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Observations: As Washington Fiddled

As the U.S. media focused on the political dance between President Obama and Congress during the 16-day government shutdown, America was taking a beating overseas—and so was the dollar.

For more than 70 years, the greenback has served as the world's reserve currency, accounting for 87% of the $5.3 trillion in foreign exchange transactions daily and 60% of the reserves held in vaults around the globe. The dollar is also the currency used to settle trade in crude oil, regardless of where it takes place.

Governments, banks and multinational corporations aren't the only ones that depend on the dollar: The $100 bill is the favored currency for black-market transactions and is hoarded in countries with shaky local currencies. C-notes account for the value of about 80% of U.S. currency in circulation, up from 50% in 1990.

A "de-Americanized" world

The dollar's clout has long generated resentment, which revealed itself this month when President Obama skipped two important Asia meetings to deal with the budget impasse at home. Seeing an opening, China's leaders called through the official Xinhua News Agency for nations to consider "building a de-Americanized world."

The world has been "Americanized" since the Bretton Woods conference near the end of World War II, when global leaders created an international monetary system with the dollar at its core, replacing the British pound as the favored currency for trade.

Although the Bretton Woods system arguably led to decades of relative stability, the dollar's hegemony has left big developing economies such as China's in a precarious position—holding $1.3 trillion in U.S. assets and thus exposed to enormous losses if Congress does anything to jeopardize the dollar's status or value.

Greenback loses value

Indeed, the greenback and those who hold it in their portfolios got pummeled during the debt-ceiling showdown. From October 1 until October 16, the dollar slid 1.5% against the yen, 1.1% against the British pound, and 0.5% against the Swiss franc. Against the euro, which has had its own troubles recently, the dollar fell only 0.07%. U.S. Treasuries also experienced more volatility than normal.

China renewed its call, first made in 2009, for the world to create a "super-sovereign reserve currency" to reduce dependence on the dollar. Such a unit of exchange would not be the currency of any single country, but rather a mechanism for exchanging payments that might be controlled by an organization such as the International Monetary Fund.

Meanwhile, China, which holds 23% of the U.S. debt held overseas and about 8% of the total debt load of $16.74 trillion, has been taking steps to promote trading in its own currency, the yuan, which unlike the dollar or yen is not freely convertible. Largely because China closely regulates and manages it, the yuan accounts for just 2.2% of daily forex trading.

China fills the gap

With President Obama absent from the recent APEC meeting in Bali and ASEAN summit in Brunei, Chinese President Xi Jinping took center stage. Among his agenda items was an alternative to the Trans-Pacific Partnership, a free-trade agreement the U.S. has been pushing. Elsewhere, China also reached a currency-swap pact with the European Central Bank. It previously signed similar agreements with England, Hong Kong, Australia, Turkey, Brazil, South Korea and Malaysia.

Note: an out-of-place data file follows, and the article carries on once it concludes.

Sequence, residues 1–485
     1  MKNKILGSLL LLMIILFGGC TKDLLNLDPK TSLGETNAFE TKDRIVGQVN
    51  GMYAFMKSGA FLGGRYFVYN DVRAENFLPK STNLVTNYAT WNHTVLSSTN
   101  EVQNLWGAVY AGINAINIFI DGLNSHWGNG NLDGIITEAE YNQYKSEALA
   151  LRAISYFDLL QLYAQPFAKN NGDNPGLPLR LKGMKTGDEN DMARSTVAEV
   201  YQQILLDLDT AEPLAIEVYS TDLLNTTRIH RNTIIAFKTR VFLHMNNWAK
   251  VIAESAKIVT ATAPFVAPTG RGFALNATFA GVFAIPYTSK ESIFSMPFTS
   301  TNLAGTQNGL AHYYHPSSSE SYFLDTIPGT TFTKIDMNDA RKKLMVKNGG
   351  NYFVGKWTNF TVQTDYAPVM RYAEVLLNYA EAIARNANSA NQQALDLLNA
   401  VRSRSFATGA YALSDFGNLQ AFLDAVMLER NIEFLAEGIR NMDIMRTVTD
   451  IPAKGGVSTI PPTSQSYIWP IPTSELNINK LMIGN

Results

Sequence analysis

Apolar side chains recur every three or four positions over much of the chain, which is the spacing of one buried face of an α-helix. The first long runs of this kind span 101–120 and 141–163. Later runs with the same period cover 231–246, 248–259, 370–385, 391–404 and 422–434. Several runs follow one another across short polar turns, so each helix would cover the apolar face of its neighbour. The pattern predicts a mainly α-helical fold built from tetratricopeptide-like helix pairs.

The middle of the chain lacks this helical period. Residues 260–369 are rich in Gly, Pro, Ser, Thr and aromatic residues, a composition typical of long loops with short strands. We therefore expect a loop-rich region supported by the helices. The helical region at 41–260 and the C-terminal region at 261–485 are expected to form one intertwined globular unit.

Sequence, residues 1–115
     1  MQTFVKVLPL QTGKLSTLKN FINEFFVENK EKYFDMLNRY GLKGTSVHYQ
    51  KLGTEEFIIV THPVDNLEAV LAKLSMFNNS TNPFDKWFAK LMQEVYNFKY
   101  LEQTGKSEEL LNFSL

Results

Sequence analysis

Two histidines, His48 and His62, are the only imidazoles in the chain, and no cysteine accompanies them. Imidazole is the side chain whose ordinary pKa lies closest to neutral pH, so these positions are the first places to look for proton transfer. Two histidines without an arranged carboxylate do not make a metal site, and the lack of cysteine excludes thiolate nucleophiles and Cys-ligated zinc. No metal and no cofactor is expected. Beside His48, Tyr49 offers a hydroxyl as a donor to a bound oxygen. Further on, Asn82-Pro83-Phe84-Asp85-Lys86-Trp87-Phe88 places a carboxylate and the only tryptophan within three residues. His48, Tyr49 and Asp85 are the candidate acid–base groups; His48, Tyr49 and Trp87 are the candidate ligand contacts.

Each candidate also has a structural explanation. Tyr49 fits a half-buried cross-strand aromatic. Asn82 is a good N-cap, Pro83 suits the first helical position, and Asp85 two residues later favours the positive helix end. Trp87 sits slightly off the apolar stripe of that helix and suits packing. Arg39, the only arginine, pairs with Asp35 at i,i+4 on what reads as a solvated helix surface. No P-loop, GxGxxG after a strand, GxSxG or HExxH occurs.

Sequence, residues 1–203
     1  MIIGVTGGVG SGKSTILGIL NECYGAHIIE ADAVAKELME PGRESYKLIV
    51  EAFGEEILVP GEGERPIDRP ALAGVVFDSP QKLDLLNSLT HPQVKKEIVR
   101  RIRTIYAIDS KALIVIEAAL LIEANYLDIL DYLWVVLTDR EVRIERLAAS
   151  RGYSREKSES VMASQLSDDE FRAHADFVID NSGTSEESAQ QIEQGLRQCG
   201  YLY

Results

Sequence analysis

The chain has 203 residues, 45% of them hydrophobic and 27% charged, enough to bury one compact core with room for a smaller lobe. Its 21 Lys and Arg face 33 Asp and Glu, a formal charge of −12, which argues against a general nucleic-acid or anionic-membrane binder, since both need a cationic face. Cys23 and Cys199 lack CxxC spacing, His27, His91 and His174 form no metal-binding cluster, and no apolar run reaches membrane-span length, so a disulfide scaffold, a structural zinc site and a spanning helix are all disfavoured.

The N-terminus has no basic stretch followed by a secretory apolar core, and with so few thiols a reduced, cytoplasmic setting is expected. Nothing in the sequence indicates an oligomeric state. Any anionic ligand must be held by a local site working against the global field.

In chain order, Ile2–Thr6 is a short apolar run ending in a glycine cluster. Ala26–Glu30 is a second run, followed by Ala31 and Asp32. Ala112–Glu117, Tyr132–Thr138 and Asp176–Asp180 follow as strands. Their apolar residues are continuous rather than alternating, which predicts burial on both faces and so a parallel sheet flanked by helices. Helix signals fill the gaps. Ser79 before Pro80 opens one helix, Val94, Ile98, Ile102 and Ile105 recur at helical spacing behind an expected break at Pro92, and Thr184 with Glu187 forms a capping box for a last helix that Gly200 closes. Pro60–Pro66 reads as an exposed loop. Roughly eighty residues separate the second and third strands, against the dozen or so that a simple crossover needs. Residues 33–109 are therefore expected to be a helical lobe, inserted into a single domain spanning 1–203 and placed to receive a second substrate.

The opening of China's capital markets is welcome, but it was unfortunate that the U.S. was so distracted by its domestic problems that it wasn't able to make its voice heard as a new trade landscape was being shaped in Asia. Secretary of State John Kerry attended the Asian meetings, but the U.S. presence didn't carry the same weight as it would have with President Obama there.

A re-run in 2014?

Since the debt-ceiling deal only runs through February 7, calls for the dollar to be replaced as the world's reserve currency are likely to be renewed if another showdown takes place in 2014. What sort of system might replace the current one remains unclear, however, and likely will be as much a product of politics as of economics.

One idea that deserves further investigation is the expansion of special drawing rights, an international reserve asset created by the IMF based on a basket of four currencies—the euro, yen, pound and dollar. The wider use of SDRs was advocated by a United Nations commission led by economist Joseph Stiglitz and China's central bank governor, Zhou Xiaochuan, exploring reforms in the wake of the 2008 financial crisis.

Creating a supranational currency

However, the SDR, which floats along with its underlying components, must first have deep and liquid markets that could be tapped by banks and multinational corporations before it can be a real global currency. (It would not be used for local transactions or by consumers.) Another potential stumbling block: The G-20 nations would have to agree to transform the IMF into a global bank.

Unfortunately, reforms of the world financial system usually occur in the wake of a war or a major financial crisis such as when the first Bretton Woods regime was reworked after the U.S. went off the gold standard in 1971. But if brinkmanship continues in Washington, a financial crisis greater than the one in 2008 may arrive, forcing international policymakers to scramble to build the post-American financial order that China dreams of.

Monica Gagnier is an Economics Writer at Moody's Analytics.

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